In these hard economic times, more and more Americans have no choice but to seek refuge in governmental aid... one such program: food stamps. With millions out of work and "major industries" collapsing, food stamp use is now at record highs.
Once seen as a "social stigma", food stamps are becoming the norm in cities and towns all across the country. Reports show that food stamps, now called the "Supplemental Nutrition Assistance Program," help feed one in eight Americans and one in four children.
While the the stamps are proving satisfactory to many in-need, some critics of the program suggest that the food stamps should be regulated to promote healthier eating.
Others point out the high cost of fresh veggies and fruits, which in turn forces the less fortunate to purchase cheaper foods like hot-dogs and potato chips.
Fortunately for advocates of healthy eating, in some parts of the country, food stamps are now being accepted at farmers' markets, a promising development.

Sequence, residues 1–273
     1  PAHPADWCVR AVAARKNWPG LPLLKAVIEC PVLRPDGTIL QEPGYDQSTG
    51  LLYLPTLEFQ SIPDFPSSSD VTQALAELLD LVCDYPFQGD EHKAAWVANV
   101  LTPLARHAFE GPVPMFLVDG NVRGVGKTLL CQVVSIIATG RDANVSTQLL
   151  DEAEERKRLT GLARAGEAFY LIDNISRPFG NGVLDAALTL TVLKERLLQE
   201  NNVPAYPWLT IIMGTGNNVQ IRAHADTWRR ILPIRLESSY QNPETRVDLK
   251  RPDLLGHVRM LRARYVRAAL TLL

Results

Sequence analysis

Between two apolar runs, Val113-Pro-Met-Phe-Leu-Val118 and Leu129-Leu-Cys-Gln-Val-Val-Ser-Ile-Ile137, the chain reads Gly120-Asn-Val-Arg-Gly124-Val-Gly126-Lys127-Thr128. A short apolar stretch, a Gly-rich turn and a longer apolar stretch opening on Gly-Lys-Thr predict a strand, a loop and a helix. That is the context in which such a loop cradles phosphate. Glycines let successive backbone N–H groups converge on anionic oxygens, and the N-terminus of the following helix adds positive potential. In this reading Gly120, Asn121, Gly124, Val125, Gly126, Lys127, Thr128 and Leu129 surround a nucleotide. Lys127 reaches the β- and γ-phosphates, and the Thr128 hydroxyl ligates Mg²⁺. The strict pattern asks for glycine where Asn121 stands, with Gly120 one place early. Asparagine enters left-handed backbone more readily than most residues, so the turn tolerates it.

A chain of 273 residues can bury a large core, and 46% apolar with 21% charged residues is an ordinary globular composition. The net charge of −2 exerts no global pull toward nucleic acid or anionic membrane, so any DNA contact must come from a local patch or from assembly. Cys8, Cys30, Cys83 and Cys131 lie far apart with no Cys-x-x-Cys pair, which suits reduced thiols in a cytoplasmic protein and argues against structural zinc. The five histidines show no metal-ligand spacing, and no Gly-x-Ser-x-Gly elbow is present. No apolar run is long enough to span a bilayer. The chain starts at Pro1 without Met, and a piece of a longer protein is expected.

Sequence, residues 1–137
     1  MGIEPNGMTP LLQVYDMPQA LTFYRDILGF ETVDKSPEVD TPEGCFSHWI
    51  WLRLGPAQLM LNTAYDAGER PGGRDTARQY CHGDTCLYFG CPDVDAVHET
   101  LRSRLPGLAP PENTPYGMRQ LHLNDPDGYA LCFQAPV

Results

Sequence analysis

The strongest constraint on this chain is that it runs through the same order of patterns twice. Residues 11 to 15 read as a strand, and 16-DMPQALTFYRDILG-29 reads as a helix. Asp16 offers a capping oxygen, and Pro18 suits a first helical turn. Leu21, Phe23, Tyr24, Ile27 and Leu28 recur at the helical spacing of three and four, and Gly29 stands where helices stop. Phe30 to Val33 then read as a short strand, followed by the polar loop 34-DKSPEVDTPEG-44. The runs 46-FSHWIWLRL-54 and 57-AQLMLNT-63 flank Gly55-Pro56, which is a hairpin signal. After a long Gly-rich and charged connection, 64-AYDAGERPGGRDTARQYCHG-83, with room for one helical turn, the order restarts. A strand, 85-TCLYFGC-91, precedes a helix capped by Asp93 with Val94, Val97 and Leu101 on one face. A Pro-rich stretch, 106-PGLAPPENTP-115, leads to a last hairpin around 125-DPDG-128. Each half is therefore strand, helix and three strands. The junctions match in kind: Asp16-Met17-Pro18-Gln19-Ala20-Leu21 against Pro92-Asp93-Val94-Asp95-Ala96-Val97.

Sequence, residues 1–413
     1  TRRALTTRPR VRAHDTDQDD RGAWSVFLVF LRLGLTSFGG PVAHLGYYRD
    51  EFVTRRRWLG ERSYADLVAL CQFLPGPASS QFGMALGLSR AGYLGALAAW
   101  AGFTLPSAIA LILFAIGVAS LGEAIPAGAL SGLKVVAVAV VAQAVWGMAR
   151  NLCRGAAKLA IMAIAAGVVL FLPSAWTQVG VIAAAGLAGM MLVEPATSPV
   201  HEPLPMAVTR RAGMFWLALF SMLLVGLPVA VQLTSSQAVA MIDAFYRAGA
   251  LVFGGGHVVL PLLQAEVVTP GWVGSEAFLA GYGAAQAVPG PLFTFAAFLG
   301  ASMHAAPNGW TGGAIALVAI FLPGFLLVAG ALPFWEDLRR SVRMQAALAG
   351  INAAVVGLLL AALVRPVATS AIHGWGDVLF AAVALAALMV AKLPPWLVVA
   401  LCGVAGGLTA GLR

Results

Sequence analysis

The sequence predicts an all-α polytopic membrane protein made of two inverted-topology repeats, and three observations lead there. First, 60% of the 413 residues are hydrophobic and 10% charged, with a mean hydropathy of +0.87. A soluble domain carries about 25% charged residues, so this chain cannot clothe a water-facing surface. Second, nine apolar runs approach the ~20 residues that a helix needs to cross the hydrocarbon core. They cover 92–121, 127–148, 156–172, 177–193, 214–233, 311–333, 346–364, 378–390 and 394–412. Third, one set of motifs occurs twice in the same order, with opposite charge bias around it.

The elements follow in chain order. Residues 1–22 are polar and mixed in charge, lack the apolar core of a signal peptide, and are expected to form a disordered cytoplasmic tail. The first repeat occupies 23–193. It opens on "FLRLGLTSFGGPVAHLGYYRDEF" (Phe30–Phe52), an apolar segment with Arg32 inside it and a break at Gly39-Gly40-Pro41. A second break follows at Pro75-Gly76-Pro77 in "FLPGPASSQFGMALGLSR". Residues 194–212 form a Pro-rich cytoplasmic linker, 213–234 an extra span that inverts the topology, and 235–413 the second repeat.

A Really Cool NY Times Infographic
As you probably already know, the economic crisis and near-record unemployment has food stamp usage increasing at a rapid rate. The New York Times has a really cool interactive map on food stamp usage in the United States â showing stats for every county in the nation.
It even lets you further segment the data by viewing only children or the differences between black and white food stamp recipients as well as the change from 2007.
For example, in our hometown, Bloomington, Indiana, the map says that 6% of all residents are on food stamps and 14% of all kids. That may seem like quite a lot, but apparently it's actually down by 5% from 2007.
What are your thoughts? Should the government increase regulation of what food-stamp beneficiaries can purchase? Or should the decision rest with the consumer? Send us your comments!
- Food Stamps: The Economics of Eating Well (New York Times)
- Food Stamp Use Soars, and Stigma Fades (New York Times)
- Food Stamps, Now Paperless, Are Getting Easier To Use At Farmers' Markets (New York Times)